Privacy guaranteed - Your email is not shared with anyone.


Discussion in 'Freemason's Lodge' started by duho7761, Jun 17, 2007.

  1. duho7761

    duho7761 I'm a nurse.

    Jul 7, 2006
    Amarillo, Texas
    My father is a freemason, Scottish and York Rites, and he is a Kiva Shriner. Here lately, I have become curious about what Freemasons are all about. Today we had a long talk. Dad told me to read up on the internet and talk to other Masons about it.

    So, Are there any Freemasons here? If so, why did you become a part of Masonry? What does being a Freemason mean to you?

    I would ask that only those involved with Masonry answer this post. I know that this can be a hot-button topic. All I want is a friendly discusion, NOT a flame war!
  2. Goose5


    Jul 2, 2005
    I am in the same boat as you. My father, brother, and grandfather are all past masters. My father was a 33 degree. I have been thinking about joining as well. Regardless of what follows. Free Masonary is all about self improvement.

  3. davis513


    May 16, 2006
    I found some interesting information on the Wikipedia site on Freemasonry regarding some of the history, etc of Freemasonry. Like you I have known friends that are Freemasons and was interested.

    Check out the following link:
  4. USMC79to83


    Mar 10, 2004
  5. Trademark

    Trademark tabula rasa

    Apr 12, 2004
    If your father and/or Grandfather were in the lodge you are known as a "Lewis". This makes it much easier. There isn't a vote on you in most jurisdictions.
    Sit and talk with a MM. See if it's for you.
  6. JimmyD


    Jul 18, 2004
    Better than having to pay, I guess! :thumbsup:
  7. Zero_G


    Jun 10, 2007
    The website has a ton of info, mostly discussing the objections to Freemasonry.

    Freemasonry is not a secret society, not a religion, not a cult. It is a fraternal organization seeking to 'make good men better'.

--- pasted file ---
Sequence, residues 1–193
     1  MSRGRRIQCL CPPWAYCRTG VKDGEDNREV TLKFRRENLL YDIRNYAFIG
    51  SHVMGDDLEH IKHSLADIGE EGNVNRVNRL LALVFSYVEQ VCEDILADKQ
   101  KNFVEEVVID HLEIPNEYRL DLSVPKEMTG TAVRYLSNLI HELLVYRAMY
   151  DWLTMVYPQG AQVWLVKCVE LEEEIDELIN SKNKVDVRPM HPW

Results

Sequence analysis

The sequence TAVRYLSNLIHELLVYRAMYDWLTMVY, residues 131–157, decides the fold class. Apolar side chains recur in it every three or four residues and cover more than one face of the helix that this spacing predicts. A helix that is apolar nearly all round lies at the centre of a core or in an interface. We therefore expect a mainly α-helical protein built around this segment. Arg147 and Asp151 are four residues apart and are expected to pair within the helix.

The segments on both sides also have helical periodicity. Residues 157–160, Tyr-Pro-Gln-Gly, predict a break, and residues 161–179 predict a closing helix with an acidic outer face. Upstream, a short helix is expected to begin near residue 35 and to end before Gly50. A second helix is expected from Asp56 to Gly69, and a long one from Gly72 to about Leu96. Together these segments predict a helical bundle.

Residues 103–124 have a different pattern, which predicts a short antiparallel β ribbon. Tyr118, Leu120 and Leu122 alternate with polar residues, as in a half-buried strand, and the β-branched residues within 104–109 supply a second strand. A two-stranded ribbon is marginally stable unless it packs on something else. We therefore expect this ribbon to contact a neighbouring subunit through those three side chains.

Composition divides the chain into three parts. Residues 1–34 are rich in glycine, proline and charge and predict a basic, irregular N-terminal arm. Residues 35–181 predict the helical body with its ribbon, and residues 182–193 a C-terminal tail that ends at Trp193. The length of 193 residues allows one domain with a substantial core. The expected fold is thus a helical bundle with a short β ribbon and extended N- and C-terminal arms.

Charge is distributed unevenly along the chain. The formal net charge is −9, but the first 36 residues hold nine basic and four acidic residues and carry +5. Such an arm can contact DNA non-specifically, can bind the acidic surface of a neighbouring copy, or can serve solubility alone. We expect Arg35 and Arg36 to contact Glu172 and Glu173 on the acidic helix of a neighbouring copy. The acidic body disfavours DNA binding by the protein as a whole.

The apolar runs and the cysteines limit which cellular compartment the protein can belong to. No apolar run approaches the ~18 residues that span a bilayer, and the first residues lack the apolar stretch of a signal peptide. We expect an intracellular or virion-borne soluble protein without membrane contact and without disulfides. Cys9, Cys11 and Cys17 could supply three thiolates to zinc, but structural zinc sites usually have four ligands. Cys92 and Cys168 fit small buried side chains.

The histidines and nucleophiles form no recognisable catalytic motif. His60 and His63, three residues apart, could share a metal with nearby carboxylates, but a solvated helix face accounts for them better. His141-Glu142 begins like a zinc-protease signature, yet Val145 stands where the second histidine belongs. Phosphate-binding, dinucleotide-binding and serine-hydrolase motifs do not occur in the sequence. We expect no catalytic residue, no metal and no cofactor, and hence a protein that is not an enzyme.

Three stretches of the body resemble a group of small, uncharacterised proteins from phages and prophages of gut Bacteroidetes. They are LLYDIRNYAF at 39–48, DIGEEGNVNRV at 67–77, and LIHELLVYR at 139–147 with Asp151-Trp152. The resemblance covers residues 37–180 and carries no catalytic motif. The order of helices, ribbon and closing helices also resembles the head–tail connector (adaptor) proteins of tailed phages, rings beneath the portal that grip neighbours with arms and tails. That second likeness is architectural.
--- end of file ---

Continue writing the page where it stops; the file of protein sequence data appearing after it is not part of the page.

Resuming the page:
8. 9L82

    9L82 Caffeine Addled

    My father is a Master Mason, Scottish Rite and York Rite. I joined 3 years ago. Due to my work schedule, I rarely get to attend. The people I have met who are involved are the kindest, most decent men I have ever met. They are the kind of men you would trust with your life. It is not a cult or a secret society. It is a fraternity based on a rich history. You will not be sorry you became involved.
  9. Faulkner

    Faulkner Patriot Millennium Member

    Aug 21, 1999
    Arkansas Ozarks
    I don't think it's a cult, but I do happen to be anti-freemason. (No flame intended, just wanted to note that there are those of us who do not think it's a good thing.)
  10. 9L82

    9L82 Caffeine Addled

  11. HEMI 27

    HEMI 27

    Dec 23, 2005
    My grandfather is a Freemason. He always has a ring on with the symbol on it. Never really asked him to much about it though.

    It is intriguing and my grandfather has been a real role model in my life so the masons cant be too bad. I should ask him more about this before he passes (congested heart failure) due to his health.
  12. G27Chief

    G27Chief Lifetime Member

    Jan 2, 2005
    Southwestern Gawjaw
    Other than being a long time family tradition, it feels great to be a brother to so many "whp ahve traveled this way before"
  13. major

    major Rejected member

    Aug 19, 2001
    Cochrane, Alberta
    Same here. I am anti-mason because of some of the things I have read about their beliefs. FWIW, my Dad was one and was active and a very good, decent man. However, I want no part of them. But to each his own. I am not trying to flame anyone here.
  14. Dustwallow


    Jun 6, 2007
    I am not really anti-mason, I mean I have nothing against them but I will never join. I mean it seems weird for that many men to "hang out" so much and have so many "rituals"

    FWIW I really think the mormon church is more of a cult than the masons.
  15. md2lgyk